Joining GS1

GS1 logo: a blue circle within which there are some concentric semi-circular lines suggesting transmission of some kind

Having said farewell to W3C, it's time to say hello to GS1.

Don't worry, almost no one has ever heard of GS1, and yet it's everywhere. If it's known at all, then it's as 'the barcode people' - that is, it's the organisation behind the bar codes you see on just about every product you ever buy and that gets scanned at the checkout. Behind that, there's a whole set of standards and infrastructure that supports the supply chains.

A sculpture: a sheet of steel, roughly the size of a door, with a bar code cut into it, complete with numbers along the bottom.
The barcode as art. This is one of many pieces of art inspired by bar codes; this one is at the Centre for Alternative Technology near Machynlleth

My role will be to help apply some of the knowledge gained about the Web, embdedded data, search engines and so on, to the world of online retail, I hope helping to develop an ecosystem around authoritative, readily available product data. In many respoects therefore it's a continuation of my work at W3C - which I'm obviously pleased about.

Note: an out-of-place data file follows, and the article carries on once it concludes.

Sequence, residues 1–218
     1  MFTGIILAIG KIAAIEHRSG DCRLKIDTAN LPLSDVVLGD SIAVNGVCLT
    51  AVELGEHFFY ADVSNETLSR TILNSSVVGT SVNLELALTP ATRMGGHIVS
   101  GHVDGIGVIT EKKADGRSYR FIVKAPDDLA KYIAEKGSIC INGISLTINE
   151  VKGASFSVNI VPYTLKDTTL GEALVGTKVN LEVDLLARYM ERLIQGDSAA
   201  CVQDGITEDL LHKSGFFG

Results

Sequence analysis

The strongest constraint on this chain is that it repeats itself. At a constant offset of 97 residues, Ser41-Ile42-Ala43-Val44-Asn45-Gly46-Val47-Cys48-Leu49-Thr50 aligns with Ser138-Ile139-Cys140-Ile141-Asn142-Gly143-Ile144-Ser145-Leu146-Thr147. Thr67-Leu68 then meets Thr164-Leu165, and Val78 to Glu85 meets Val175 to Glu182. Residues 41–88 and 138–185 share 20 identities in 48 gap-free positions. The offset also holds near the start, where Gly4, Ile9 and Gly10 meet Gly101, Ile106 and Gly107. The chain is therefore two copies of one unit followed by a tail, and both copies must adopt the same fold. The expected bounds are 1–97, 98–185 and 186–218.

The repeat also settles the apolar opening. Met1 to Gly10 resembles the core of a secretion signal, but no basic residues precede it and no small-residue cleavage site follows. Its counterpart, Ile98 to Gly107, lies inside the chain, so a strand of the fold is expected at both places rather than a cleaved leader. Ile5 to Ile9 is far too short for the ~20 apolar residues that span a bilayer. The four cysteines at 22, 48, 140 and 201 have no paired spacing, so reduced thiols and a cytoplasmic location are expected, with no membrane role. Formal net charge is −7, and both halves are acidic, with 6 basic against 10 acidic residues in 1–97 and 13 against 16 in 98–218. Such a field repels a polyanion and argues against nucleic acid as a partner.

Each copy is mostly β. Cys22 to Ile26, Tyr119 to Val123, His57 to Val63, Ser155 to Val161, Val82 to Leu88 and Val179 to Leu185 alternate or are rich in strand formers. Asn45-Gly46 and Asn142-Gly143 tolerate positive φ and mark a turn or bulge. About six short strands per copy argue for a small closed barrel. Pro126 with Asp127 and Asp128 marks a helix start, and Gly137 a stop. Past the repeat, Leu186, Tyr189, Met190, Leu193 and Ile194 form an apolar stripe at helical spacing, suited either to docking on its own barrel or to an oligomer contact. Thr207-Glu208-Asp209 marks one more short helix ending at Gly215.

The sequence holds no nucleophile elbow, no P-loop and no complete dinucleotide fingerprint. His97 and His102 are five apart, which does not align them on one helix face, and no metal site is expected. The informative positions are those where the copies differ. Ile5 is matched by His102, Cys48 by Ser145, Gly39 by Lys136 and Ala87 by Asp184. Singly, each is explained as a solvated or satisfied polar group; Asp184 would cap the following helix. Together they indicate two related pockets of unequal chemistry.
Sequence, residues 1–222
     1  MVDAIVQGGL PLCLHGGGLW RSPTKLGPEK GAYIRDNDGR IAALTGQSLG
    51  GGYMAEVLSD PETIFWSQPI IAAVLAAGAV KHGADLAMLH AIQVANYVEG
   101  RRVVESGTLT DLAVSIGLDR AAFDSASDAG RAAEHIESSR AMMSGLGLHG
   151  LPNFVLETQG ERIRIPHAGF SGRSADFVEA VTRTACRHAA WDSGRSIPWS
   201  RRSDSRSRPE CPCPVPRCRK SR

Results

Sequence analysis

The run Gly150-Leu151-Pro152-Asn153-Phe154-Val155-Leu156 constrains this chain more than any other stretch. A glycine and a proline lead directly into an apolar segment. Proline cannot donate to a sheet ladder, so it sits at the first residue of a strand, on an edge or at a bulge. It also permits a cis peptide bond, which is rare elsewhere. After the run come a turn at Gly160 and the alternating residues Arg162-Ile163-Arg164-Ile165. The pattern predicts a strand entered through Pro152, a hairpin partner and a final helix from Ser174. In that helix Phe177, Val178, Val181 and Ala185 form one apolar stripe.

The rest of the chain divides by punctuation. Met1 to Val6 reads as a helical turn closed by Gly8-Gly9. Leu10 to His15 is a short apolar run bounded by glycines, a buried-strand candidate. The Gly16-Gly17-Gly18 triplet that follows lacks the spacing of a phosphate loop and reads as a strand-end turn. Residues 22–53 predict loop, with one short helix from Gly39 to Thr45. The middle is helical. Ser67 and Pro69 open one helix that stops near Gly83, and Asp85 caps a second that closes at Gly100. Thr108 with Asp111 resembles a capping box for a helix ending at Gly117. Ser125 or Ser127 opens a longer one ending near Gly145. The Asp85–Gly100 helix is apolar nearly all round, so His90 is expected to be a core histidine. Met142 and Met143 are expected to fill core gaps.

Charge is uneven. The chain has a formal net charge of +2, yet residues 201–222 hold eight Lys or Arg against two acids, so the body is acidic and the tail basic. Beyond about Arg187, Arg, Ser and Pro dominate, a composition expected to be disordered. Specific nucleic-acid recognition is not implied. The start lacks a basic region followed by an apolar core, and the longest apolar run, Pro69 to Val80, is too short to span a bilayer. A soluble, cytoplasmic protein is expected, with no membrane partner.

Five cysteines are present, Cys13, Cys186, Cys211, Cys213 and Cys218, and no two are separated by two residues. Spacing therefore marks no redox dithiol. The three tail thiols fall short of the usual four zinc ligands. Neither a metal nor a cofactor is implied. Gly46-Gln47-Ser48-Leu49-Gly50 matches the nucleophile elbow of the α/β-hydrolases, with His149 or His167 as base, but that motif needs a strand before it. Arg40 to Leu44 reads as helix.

It's way too early to predict what I'm going to be able to achieve. The community is very different from what I'm used to. For a start, GS1 members make money for a living whilst many W3C members get money to do cool stuff; W3C operates almost entirely in public, GS1 largely operates behind a firewall and so on. So my immediate challenge is to understand and work within the methods of the new job, learn how things work, get to know the people and so on. So, forgive the lack of detail here - I'll probbaly say more when I have got my feet under the table and get a good sense of what I can and can't do.

It's an exciting new challenge and one I'm looking forward to.